Rupert French Reflexology Foot & Facial Reflexologist in Kensington & Westminster

Stress in the workplace

Having worked in a high-pressure office environment for over ten years before I trained as a reflexologist - and having treated high-achieving, often highly stressed clients in the decade since I qualified - I am very aware of how stress can impact an individual, both physically and emotionally.

Stress can trigger irritability, insomnia, anxiety and depression; it weakens the immune system, which in turn can lead to physical illness. In fact, stress is at the root of around 75 percent of illnesses we face today.

The effects of stress are insidious. They creep up unnoticed - and so people tend not to be individually proactive about combating them until it’s too late, particularly men.

A large proportion of my private clients come with stress related problems, many of whom have already been signed off work. If I had been able to see them earlier then it would be very unlikely that things would have got to such a stage.


How Reflexology can help

The majority of work stresses are unavoidable but what we can do is minimize the impact they have on us. Reflexology is a fantastic way to reduce the effects of stress. It helps to promote relaxation, stimulate vital organs and encourage the natural healing processes of the body. All essential in keeping the effects of stress at bay.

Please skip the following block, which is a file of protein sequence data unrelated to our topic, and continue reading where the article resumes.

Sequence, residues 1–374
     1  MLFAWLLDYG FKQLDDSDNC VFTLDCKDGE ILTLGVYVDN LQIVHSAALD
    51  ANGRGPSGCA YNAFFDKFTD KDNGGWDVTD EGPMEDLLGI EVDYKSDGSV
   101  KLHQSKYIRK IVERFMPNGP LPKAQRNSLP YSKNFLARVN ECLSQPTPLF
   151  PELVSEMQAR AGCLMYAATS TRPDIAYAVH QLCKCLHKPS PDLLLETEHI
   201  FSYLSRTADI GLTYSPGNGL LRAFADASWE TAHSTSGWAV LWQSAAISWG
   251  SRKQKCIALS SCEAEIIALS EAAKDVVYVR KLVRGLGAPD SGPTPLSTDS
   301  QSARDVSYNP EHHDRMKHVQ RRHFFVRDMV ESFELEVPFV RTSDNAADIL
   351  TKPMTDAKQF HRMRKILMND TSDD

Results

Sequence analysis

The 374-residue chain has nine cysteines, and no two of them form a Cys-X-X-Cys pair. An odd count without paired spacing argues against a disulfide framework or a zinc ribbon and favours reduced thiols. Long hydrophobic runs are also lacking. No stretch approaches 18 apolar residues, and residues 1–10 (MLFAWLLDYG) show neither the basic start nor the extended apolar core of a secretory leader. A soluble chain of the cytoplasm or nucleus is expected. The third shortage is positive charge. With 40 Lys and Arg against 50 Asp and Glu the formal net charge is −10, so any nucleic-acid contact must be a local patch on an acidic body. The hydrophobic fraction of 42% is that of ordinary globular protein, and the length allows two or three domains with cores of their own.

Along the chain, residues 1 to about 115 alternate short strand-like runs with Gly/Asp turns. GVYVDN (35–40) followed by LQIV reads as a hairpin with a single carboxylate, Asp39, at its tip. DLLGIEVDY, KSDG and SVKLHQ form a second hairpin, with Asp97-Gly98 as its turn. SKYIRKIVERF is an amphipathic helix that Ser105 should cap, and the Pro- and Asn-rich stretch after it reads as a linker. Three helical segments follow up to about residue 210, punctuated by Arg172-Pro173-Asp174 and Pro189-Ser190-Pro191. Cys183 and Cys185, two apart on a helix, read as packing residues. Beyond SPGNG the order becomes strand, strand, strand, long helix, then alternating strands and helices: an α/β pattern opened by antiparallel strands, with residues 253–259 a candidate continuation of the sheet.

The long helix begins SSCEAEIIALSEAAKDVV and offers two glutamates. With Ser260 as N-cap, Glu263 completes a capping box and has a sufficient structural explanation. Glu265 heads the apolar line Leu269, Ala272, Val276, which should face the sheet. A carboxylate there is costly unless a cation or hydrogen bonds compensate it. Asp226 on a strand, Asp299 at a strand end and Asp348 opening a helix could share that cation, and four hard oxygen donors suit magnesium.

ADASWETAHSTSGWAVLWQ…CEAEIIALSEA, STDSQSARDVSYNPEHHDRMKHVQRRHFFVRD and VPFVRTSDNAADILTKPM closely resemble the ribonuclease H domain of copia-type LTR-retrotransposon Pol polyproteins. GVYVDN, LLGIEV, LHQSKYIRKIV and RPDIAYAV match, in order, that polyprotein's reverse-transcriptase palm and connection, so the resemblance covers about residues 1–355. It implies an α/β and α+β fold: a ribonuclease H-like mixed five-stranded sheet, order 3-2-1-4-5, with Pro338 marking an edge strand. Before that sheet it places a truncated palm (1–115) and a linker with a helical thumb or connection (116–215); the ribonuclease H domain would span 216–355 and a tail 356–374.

By relieving stress and tension, it can prevent illness. Regular reflexology can also speed recovery from a wide range of acute and chronic illnesses.


Workplace benefits

• Less sickness and absenteeism.

• Relief from stress-related conditions, from headaches and migraine to insomnia.

• Better concentration, leading to greater productivity and fewer mistakes.

• Improved creativity and planning.

• Better decision-making under pressure.

• Improved staff morale.


Why reflexology?

Many companies engage chair masseurs to do twenty-minute sessions. These feel great and are fantastic for working out knots in shoulders, but they don't really provide any lasting relief. Reflexology has more of an effect on the whole body and mind, and the benefit is much longer lasting.